What was the NHS blood contamination scandal, how many people died and why has an inquiry been ordered?

MORE than 30,000 people in the UK were infected with HIV and Hepatitis C after being given contaminated blood in the 1970s and 1980s.

A public inquiry into what has been called the biggest treatment disaster in NHS history will announce its findings today.

 Demonstrators hold placards calling for all victims to be recognised

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Demonstrators hold placards calling for all victims to be recognisedCredit: AFP
 Pictures of those that died after receiving infected blood are displayed during a vigil in Parliament Square on May 19, 2024 in London

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Pictures of those that died after receiving infected blood are displayed during a vigil in Parliament Square on May 19, 2024 in LondonCredit: Getty

Victims are set for compensation of least £10billion and an official apology from the prime minister.

Who was given infected blood?

Two main groups of NHS patients were affected – people who needed blood transfusions and people with bleeding disorders who needed blood, or blood products, as part of their treatment.

People need blood transfusions for a wide variety of reasons, including routine surgery, as a result of childbirth or if they have been in an accident or had an injury where they have lost a lot of blood.

Many victims had bleeding disorders, particularly people with the condition haemophilia, a rare genetic condition which means their blood does not clot properly.

People with haemophilia A lack a clotting agent called Factor VIII, while people with haemophilia B don’t have enough Factor IX.

In the 1970s, a new treatment using donated human blood plasma was developed to replace these clotting agents.

Unlike regular blood donations, plasma products such as Factor VIII were often sourced from the US and elsewhere,  where people in prisons were paid to be donors despite being at higher risk of carrying infection.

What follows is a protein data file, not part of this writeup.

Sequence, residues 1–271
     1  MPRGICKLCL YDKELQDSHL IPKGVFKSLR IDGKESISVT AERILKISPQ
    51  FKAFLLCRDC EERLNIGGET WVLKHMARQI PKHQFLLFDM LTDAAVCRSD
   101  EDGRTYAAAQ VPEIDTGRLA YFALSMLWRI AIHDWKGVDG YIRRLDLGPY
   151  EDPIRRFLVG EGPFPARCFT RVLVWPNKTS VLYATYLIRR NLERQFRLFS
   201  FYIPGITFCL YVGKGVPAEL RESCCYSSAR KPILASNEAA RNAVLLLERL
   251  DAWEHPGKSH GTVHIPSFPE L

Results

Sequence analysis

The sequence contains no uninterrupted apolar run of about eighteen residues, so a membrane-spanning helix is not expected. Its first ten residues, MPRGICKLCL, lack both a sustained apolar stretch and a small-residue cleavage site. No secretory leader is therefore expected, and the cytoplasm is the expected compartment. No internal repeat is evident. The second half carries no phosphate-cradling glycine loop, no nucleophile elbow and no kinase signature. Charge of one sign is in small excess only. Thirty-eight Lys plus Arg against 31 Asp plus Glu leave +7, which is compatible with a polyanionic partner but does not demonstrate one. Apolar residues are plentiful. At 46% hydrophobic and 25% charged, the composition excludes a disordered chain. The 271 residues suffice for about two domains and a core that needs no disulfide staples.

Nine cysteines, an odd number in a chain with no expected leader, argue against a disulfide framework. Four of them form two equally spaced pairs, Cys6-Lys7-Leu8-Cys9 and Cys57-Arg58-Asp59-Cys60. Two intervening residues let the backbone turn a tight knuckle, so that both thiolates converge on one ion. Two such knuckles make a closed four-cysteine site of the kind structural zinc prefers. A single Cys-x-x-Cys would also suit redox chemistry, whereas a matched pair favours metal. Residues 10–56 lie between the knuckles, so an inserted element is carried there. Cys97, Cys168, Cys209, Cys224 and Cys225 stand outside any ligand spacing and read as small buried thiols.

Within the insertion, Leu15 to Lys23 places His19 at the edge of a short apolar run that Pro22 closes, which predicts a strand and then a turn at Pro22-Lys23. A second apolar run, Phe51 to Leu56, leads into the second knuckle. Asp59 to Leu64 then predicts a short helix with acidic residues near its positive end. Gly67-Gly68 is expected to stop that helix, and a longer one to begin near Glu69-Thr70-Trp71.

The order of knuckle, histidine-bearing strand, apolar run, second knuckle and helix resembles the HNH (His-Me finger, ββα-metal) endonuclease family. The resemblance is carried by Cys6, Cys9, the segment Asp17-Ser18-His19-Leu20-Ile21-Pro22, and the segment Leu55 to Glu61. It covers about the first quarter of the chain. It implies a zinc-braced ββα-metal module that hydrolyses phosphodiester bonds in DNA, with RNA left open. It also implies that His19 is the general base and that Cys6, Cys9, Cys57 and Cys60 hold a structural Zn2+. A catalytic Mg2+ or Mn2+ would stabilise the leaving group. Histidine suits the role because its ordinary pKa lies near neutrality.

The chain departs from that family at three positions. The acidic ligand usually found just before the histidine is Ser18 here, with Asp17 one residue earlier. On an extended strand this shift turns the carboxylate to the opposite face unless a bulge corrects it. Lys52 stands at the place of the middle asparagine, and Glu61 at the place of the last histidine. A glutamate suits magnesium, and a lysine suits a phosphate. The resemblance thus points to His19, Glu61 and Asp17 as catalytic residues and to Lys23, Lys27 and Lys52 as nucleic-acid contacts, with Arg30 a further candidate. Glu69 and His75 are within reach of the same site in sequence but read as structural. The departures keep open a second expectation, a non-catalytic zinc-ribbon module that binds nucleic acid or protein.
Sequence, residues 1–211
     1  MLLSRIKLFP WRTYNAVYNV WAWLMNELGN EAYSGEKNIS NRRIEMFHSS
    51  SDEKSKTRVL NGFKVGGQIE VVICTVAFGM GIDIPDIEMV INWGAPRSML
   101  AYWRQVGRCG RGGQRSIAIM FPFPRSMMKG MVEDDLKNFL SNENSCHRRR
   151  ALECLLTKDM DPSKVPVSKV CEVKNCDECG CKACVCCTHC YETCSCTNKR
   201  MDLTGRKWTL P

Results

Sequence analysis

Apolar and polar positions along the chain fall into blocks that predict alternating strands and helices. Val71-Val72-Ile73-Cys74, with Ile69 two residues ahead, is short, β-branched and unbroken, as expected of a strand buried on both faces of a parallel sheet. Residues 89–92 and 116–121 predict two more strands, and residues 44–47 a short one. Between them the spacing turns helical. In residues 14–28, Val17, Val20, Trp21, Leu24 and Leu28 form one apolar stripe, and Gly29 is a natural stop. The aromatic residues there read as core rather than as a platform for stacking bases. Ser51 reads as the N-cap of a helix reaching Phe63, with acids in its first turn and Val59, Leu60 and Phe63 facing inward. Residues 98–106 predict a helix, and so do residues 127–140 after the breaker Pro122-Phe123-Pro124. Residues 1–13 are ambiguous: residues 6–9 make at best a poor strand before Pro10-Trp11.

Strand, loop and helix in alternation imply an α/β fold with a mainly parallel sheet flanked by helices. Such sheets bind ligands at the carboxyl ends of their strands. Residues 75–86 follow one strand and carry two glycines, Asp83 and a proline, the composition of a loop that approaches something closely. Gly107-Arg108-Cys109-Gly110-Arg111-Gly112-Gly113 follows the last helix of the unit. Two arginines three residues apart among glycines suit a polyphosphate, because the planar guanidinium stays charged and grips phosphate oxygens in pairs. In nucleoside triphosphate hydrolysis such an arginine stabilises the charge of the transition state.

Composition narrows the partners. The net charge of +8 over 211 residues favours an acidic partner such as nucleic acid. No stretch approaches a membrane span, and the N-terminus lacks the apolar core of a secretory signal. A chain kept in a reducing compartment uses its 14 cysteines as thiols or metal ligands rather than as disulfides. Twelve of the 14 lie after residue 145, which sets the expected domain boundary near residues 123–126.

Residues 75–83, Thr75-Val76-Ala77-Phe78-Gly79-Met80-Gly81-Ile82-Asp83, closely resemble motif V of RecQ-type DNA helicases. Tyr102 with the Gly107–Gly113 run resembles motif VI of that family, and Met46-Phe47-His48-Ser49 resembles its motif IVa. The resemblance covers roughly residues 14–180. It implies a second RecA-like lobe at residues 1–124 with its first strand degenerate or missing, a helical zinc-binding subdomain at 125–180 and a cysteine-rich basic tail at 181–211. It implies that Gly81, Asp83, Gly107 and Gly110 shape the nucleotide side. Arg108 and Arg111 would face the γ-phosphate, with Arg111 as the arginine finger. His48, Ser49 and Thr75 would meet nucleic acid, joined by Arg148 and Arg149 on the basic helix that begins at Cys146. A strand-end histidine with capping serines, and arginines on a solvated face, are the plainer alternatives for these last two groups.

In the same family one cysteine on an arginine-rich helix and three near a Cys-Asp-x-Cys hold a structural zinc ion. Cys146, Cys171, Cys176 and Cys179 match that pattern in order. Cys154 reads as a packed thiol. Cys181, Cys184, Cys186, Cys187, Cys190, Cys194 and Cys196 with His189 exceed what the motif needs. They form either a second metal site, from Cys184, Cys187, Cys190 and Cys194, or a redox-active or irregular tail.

Entire batches were contaminated with deadly viruses.

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How many people died?

After being given the infected treatments, about 1,250 people in the UK with bleeding disorders developed HIV and Hepatitis C.

Around two-thirds later died of AIDS-related illnesses, and some unknowingly passed HIV to their partners.

Another 2,400 to 5,000 people developed Hepatitis C on its own, which can cause cirrhosis and liver cancer.

A second group of patients were given contaminated blood transfusions after childbirth, surgery or other medical treatment between 1970 and 1991.

The inquiry estimates between 80 and 100 were infected with HIV and about 27,000 with Hepatitis C.

In total, it’s thought about 2,900 people have died.

Why has an inquiry been ordered?

Former Prime Minister Theresa May ordered the inquiry in July 2017 after years of campaigning by victims and their loved ones.

 

The public inquiry launched on September 24, 2018, has considered the treatment of thousands of people in the 1970s and 1980s who were given blood products infected with Hepatitis viruses and HIV, and the impact this has had.

It has cost more than £130million and heard from hundreds of witnesses including doctors, politicians, victims, families and scientists.

Mrs May said the scandal was an “appalling tragedy” which should never have happened.

She said that thousands of patients expected “the world-class care our NHS is famous for, but they were failed”.

As the probe launched, a judge warned that the blood contamination scandal could have affected more than 25,000 people.

Sir Brian Langstaff, chairman of the probe, said the number of infected could go far beyond 25,000. A victim branded the scandal “the worst tragedy in the history of the NHS.